Three things the nouvelle vague directors did share were youth, penury – always relative: Truffaut came from a modest Parisian background, Godard a wealthy French-Swiss one, though he cut himself off – and an embrace of cinema tantamount to religious worship. “I believe in Charlie Chaplin”, Truffaut says in Truffaut on Cinema, intending “believe” in the devotional sense. He had little use for politics and claimed never to have voted. Godard and Rivette were committed to the Left, whereas Rohmer, when he could be bothered, leaned to the Right. The main unifying trait was the desire to capture the atmosphere and texture of life outside the film studio.
Early New Wave films were shot on the streets and in cafés, employing passers-by as unwitting extras in a way that would scarcely be possible today: see, for example, the final scene of Breathless, in which the mortally wounded Poiccard (Jean-Paul Belmondo) staggers along the rue Campagne-première, while curious onlookers gawp. “People weren’t as aware as they are now, they didn’t know what you were up to”, said Godard’s regular cinematographer Raoul Coutard, one of the New Wave’s unsung heroes. “Before, if you wanted street scenes, you’d shoot them in a studio, and trot out extras as passers-by.” Local restaurants, the director’s apartment and familiar children were used: all figure in Truffaut’s underrated fourth full-length feature, The Soft Skin (La Peau douce, 1964), which plays on a theme more apt than childhood to recur in years to come: the love triangle. The Soft Skin was Truffaut’s farewell to his beloved black-and-white before a forced marriage with colour. In Jules et Jim (1962), the triangle was made of two men and a woman; here, women form two sides, with Pierre Lachenay, a celebrated Balzac scholar, as the ineffectual base.
Why Truffaut chose to give the name of his childhood pal Robert Lachenay to his weak fictitious character is not clear, but in-jokes and cameo appearances were common in the early days and fortified the group atmosphere. When Antoine Doinel and his parents go to the cinema in The 400 Blows, the film they see is Rivette’s Paris Belongs to Us, although it wouldn’t be released for another two years. When the grown-up Antoine makes a telephone call from a private detective’s office in Stolen Kisses (1968), he dials the real number of the director Claude Berri. Godard emerges as a sale type to conduct a sharp café chat-up routine in Paris Belongs to Us – one of the liveliest vignettes in that insipid drama – in which Chabrol also has a geekish cameo role. It was Truffaut who concocted the idea for Breathless, for which he and Chabrol secured financing.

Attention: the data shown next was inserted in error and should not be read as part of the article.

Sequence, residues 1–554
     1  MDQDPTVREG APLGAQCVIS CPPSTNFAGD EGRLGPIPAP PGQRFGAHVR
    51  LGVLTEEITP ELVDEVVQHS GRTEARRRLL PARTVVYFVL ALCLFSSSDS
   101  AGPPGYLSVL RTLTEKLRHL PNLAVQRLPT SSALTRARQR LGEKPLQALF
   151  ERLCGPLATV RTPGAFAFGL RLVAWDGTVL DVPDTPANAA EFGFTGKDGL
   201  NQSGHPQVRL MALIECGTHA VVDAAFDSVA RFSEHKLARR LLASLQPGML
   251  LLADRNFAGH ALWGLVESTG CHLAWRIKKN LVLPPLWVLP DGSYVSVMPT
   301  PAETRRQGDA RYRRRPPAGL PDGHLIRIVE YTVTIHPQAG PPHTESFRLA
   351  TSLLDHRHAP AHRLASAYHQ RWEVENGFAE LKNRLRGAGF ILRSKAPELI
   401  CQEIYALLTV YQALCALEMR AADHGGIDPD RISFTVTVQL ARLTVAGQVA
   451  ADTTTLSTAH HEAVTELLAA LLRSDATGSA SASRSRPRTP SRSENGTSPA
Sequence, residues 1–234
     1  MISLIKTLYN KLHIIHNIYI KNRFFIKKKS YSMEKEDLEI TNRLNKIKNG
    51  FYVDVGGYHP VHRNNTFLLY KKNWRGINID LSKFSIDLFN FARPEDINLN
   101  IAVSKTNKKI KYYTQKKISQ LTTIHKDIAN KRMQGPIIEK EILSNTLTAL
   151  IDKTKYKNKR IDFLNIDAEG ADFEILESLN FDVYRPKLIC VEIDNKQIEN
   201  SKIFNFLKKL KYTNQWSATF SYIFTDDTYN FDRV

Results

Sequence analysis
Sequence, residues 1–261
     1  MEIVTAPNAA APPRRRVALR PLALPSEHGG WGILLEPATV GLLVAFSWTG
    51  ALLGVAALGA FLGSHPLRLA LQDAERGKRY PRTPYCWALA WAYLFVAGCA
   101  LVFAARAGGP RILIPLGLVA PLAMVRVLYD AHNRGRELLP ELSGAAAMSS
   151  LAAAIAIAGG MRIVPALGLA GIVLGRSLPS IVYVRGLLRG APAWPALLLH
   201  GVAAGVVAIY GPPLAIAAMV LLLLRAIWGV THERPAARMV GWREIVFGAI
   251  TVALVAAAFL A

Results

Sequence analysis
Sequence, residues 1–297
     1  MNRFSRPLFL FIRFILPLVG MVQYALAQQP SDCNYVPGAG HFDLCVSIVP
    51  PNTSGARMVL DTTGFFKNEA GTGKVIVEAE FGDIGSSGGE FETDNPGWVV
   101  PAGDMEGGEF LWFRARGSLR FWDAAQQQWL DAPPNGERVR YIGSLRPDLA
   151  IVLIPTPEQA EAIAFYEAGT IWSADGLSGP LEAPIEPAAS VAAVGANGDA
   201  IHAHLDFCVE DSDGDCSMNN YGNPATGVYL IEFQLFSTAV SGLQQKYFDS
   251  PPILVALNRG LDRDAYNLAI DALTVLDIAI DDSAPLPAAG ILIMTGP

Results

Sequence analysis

The 1950s was a time of cascading new waves: the Beats and the Bellow–Mailer–Salinger generation of novelists in the US; the Angry Young Men and the Movement in Britain; Abstract Expressionism and Pop Art; the developing folk scene which wove itself into alternative politics. There are always new waves and the times are always a-changing, but the works produced by these movements shaped taste for the remainder of the century. Any artistically minded young person in the early 1970s was affected by them all. Cinema, however, presented a paradox: the most accessible of the arts, it was in some ways the hardest to find. In Glasgow, for example, there was only one art cinema – the Cosmo on Rose Street – and any Truffaut or Godard film rolling into town would be sure to do so discreetly, sneaking out again a few days later.
With a pile of DVDs and a copy of Truffaut on Cinema to hand, the gaps can now easily be filled. “I don’t know how many days you spend in an actual studio”, a journalist ventures in the film-by-film compendium. The year is 1964. He has already made The 400 Blows, Shoot the Pianist, Jules et Jim, The Soft Skin and the short, second chapter of what would be the four-part Doinel cycle, Antoine et Colette. “Zero”, Truffaut replies. “None. I have never shot anything in a studio.” The most important aesthetic criterion for the Young Turks, as they were called before nouvelle vague caught on, was that a film should be “first-person” and bear the fingerprints of its director.